• 33. 5th International Disaster and Risk Conference IDRC 2014 ‘Integrative Risk Management - The role of science, technology & practice‘ • 24-28 August 2014 • Davos • Switzerland www.grforum.org 33 Added value for the Post 2015 Framework for Disaster Risk Reduction Main gaps, needs and further steps to be addressed in the Post 2015 Framework for Disaster Risk Reduction in • Research: • Stress experienced by crisis-impacted individuals causes key changes in physiological, psychological and emotional response, negatively impacting their cognitive functioning and behavioural compliance with emergency messaging during crisis. • It is widely observed that cognitive impairment affects vocabulary comprehension levels. • It is also potentially changes language-specific functioning, as commonly reported among crisis response professionals with regard to multilingual audiences during disasters. • Crisis often introduces hyper-stress, involving fear, anxiety, uncertainty, and physiological stress caused by lack of sleep, worry, and hyper-vigilance. • Such states can alter audiences’ ability to perceive situational dangers and to interpret and comply with recommended action. • It is essential that crisis messages be devised accordingly, and further detailed research into this area is warranted.
  • 34. 5th International Disaster and Risk Conference IDRC 2014 ‘Integrative Risk Management - The role of science, technology & practice‘ • 24-28 August 2014 • Davos • Switzerland www.grforum.org 34 Added value for the Post 2015 Framework for Disaster Risk Reduction Main gaps, needs and further steps to be addressed in the Post 2015 Framework for Disaster Risk Reduction in • Research (cont’d): − It is misguided to withhold immediate public notification of sudden crises due to fear of widespread panic. Sending the correct message at the right times, to the correct audiences and with the proper terminology is essential. Reducing vocabulary sophistication and volume of words is one aspect. Yet, this objective is no simple matter to achieve; it entails creating many separate, strategized messages, prepared differently for the type of crisis, audience and phase of the crisis. Certain crisis stages call for short, direct instruction. Others require more detailed messages. − Much of the existing advice in this area is derived from knowledge gained by the overlap of investigated cognitive science research findings in concert with what is discussed among crisis communication professionals. However, additional empirical research is needed. Opportunities may be emerging which should be recognized and funded. As we gain increasing technological sophistication in digitally automated emergency messaging, options to strategize messages increase. It is recommended to further research simultaneously capturing data which may be useful in accurately analysing effectiveness of messaging strategies.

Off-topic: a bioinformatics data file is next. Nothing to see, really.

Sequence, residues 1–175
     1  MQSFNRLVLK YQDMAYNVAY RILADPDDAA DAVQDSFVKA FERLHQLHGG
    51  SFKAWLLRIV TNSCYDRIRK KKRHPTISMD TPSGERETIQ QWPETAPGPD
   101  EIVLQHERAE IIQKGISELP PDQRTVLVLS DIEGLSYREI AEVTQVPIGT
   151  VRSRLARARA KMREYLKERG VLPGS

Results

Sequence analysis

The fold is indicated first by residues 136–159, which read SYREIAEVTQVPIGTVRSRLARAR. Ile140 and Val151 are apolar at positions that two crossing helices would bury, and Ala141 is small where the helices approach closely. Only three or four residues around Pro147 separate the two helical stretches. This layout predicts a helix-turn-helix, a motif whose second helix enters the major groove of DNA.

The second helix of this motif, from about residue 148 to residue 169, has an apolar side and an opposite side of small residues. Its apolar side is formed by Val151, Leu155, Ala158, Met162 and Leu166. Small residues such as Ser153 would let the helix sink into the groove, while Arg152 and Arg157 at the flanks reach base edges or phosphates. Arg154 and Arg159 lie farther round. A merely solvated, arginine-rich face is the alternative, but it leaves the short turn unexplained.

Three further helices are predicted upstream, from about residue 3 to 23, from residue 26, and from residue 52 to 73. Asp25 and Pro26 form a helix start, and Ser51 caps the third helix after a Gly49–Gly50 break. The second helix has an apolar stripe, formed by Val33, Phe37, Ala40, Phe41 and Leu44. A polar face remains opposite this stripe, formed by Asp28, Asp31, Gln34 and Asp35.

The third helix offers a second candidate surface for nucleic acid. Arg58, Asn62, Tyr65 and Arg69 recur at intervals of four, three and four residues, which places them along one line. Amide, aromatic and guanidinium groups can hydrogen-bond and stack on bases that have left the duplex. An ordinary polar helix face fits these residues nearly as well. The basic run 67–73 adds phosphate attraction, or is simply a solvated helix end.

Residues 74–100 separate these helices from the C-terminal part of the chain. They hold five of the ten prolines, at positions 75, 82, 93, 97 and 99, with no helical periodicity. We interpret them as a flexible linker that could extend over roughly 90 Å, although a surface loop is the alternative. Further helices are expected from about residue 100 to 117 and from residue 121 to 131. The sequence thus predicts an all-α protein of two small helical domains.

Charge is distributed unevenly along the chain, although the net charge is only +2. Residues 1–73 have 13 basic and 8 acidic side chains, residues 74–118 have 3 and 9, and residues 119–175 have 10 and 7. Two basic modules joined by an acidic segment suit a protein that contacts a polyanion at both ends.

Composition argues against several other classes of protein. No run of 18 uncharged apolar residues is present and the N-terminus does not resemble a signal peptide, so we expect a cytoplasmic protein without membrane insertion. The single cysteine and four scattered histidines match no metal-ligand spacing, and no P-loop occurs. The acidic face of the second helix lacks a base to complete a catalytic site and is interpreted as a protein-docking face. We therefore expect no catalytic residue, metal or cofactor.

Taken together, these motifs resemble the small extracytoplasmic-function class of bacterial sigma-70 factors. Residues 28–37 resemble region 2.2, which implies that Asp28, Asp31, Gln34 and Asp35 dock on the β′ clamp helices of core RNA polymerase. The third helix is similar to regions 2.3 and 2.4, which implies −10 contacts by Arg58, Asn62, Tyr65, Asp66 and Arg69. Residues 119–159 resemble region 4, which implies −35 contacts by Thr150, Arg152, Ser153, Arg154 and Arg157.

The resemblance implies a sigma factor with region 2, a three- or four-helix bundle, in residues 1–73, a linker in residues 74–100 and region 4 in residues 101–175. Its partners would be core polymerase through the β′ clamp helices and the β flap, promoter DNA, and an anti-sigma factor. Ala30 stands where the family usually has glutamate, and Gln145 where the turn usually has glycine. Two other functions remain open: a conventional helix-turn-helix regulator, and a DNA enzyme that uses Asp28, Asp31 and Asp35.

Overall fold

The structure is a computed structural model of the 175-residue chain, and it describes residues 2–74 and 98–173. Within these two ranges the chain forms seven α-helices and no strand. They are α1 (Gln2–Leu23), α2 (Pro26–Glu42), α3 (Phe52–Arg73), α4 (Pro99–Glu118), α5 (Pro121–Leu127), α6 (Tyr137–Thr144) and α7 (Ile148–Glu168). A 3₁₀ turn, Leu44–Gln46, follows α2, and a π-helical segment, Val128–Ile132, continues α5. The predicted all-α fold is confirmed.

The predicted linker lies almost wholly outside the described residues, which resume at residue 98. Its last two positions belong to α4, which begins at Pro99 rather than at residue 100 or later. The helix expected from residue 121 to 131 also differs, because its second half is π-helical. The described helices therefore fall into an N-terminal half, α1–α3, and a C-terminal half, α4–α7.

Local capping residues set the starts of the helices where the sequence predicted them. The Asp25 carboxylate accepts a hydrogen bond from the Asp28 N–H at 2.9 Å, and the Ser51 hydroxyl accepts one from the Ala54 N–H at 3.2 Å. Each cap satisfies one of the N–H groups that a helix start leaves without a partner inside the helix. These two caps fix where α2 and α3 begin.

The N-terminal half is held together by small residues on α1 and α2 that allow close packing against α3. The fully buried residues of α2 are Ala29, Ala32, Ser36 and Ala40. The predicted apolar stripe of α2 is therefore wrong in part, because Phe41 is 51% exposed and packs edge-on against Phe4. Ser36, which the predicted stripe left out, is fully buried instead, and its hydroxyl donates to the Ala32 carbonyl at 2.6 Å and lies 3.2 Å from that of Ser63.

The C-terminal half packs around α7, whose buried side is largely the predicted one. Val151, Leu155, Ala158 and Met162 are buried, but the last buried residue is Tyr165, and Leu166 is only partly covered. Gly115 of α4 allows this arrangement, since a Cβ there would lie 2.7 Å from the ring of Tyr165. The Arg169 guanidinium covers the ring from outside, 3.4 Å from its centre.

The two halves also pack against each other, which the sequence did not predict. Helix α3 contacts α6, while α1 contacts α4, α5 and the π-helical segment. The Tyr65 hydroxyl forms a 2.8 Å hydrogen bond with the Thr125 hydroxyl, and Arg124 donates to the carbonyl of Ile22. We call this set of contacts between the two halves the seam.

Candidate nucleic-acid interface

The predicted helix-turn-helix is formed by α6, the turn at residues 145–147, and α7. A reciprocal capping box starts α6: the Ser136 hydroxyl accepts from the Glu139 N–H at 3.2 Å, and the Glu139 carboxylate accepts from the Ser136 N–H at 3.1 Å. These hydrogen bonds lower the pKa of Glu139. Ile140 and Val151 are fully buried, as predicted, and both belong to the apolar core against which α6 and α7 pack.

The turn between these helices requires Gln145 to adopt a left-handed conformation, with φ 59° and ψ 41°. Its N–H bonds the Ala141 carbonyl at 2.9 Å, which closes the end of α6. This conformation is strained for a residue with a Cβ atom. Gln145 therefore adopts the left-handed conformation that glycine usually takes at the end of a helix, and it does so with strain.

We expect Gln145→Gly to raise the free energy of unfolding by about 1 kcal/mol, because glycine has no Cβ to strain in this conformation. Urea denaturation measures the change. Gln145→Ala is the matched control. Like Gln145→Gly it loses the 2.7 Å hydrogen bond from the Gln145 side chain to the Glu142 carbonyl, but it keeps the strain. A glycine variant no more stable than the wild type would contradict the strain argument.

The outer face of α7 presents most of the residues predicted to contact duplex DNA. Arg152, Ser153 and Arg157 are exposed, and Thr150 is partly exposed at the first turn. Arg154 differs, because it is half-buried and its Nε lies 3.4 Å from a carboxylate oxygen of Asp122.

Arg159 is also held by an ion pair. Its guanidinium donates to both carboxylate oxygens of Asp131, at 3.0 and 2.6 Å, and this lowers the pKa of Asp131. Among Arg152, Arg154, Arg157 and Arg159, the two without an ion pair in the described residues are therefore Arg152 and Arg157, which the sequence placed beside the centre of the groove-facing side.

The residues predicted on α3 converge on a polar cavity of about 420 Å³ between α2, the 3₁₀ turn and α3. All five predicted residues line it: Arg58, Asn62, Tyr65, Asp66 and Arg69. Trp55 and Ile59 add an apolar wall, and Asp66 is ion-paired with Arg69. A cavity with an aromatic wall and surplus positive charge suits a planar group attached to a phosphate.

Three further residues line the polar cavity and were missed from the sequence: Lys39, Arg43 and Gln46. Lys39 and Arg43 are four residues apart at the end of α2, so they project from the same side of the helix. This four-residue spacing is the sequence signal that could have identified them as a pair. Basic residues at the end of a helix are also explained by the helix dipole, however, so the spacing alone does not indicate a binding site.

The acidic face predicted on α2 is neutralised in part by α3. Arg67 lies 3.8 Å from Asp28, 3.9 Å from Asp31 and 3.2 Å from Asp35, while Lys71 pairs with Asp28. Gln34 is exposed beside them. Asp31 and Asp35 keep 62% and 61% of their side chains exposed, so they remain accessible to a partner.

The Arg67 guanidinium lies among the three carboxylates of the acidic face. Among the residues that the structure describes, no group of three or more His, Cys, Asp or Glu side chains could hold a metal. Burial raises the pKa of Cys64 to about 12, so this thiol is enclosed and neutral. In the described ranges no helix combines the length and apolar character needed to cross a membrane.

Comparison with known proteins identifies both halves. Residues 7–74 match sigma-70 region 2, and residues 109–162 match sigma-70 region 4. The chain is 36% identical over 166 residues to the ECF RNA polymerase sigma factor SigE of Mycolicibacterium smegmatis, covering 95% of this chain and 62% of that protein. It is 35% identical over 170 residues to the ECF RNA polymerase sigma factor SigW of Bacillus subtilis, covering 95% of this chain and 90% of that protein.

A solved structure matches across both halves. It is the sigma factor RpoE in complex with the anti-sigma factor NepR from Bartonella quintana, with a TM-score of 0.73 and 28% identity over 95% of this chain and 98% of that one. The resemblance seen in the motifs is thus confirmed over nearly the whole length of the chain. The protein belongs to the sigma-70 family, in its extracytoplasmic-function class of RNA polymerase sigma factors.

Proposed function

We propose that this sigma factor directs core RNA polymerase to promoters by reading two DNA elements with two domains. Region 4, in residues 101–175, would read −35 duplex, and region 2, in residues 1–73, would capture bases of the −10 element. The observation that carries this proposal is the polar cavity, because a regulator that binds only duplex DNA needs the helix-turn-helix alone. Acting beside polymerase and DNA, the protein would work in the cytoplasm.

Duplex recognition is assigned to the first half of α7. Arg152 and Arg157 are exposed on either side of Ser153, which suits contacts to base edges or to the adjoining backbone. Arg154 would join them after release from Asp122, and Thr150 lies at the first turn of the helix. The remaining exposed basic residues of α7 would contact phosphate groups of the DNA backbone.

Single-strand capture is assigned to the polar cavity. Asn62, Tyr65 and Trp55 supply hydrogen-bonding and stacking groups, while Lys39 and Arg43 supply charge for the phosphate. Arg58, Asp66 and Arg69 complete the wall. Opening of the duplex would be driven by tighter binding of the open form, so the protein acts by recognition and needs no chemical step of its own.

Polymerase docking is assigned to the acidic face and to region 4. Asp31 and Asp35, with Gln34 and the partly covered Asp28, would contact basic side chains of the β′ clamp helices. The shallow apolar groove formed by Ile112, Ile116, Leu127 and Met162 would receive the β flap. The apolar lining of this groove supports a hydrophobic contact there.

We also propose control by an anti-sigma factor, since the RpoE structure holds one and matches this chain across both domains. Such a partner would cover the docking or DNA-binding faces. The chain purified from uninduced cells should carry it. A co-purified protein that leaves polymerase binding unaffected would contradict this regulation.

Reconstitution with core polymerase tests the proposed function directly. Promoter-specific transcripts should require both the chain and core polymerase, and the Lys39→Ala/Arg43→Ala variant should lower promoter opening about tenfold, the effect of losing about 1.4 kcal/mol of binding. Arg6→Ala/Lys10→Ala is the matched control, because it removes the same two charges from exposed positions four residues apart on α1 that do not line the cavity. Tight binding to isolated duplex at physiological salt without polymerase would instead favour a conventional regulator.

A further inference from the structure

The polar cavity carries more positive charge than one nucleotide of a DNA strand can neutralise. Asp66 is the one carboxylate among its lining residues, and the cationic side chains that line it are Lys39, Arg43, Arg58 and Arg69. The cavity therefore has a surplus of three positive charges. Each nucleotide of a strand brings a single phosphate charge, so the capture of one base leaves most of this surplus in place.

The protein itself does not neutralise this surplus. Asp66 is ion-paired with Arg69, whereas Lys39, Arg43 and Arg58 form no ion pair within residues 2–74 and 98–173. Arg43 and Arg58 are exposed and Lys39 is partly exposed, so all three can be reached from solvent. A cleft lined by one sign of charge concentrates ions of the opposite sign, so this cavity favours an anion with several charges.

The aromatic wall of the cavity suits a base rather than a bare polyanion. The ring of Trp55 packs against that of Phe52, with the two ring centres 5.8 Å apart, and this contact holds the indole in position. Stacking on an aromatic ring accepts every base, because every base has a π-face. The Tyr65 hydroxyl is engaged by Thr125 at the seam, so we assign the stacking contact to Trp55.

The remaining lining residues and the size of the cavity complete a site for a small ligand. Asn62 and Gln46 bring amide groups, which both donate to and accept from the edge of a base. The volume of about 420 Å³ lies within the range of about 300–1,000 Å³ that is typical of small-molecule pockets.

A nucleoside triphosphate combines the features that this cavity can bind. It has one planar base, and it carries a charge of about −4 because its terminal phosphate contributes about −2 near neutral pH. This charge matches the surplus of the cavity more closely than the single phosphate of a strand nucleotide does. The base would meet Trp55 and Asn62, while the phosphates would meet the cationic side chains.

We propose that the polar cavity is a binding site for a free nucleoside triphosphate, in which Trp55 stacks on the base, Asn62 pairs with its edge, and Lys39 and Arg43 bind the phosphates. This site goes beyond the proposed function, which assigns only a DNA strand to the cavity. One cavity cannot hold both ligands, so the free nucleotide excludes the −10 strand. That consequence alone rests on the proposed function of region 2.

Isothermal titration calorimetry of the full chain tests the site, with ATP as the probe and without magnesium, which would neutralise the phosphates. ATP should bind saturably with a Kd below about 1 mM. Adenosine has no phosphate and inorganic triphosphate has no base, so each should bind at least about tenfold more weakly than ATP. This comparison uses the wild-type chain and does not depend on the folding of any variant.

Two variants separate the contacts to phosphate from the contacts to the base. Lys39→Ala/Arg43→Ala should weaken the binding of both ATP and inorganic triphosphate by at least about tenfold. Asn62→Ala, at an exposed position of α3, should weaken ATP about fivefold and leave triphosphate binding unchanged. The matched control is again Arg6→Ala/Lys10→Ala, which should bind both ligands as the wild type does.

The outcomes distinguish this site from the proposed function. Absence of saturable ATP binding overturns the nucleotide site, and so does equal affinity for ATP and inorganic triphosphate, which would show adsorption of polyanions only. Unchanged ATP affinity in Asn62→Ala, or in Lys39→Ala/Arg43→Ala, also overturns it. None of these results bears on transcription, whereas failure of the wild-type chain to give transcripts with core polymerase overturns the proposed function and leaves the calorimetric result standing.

• 35. 5th International Disaster and Risk Conference IDRC 2014 ‘Integrative Risk Management - The role of science, technology & practice‘ • 24-28 August 2014 • Davos • Switzerland www.grforum.org 35 Added value for the Post 2015 Framework for Disaster Risk Reduction Main gaps, needs and further steps to be addressed in the Post 2015 Framework for Disaster Risk Reduction in • Education & Training: More elaborate, sophisticated training is required as to several facets of emergency communication during disaster, including lessons learned and best practices as they pertain to various disaster contexts, phases and audiences. In addition to education regarding issues of cognitive functioning during crisis, it is important to know which communication channels are available and effective in various areas and which are changing. Within the social media channel, for example, options vary depending on demographics. Moreover, there should be training as to uses of channel redundancy during various phases of crisis.
  • 36. 5th International Disaster and Risk Conference IDRC 2014 ‘Integrative Risk Management - The role of science, technology & practice‘ • 24-28 August 2014 • Davos • Switzerland www.grforum.org 36 Added value for the Post 2015 Framework for Disaster Risk Reduction Main gaps, needs and further steps to be addressed in the Post 2015 Framework for Disaster Risk Reduction in • Implementation & Training: Communication needs to be a featured focal area of crisis preparation – not merely a peripheral sidelight. While logistics of crisis response are often complex, the importance of a core understanding of foundations of effective communication cannot be understated. The fact that radios are working does not necessarily mean there is successful communication. Speaking the same language as the audience does not inherently mean that anyone is “speaking the same language.”
  • 37. 5th International Disaster and Risk Conference IDRC 2014 ‘Integrative Risk Management - The role of science, technology & practice‘ • 24-28 August 2014 • Davos • Switzerland www.grforum.org 37 Added value for the Post 2015 Framework for Disaster Risk Reduction Main gaps, needs and further steps to be addressed in the Post 2015 Framework for Disaster Risk Reduction in • Policy Dialogue: Involvement of social science communication research findings and expert researchers in the development and stipulation of policies, regulations, requirements and minimum standards of compliance/performance is essential to effective policy dialogue.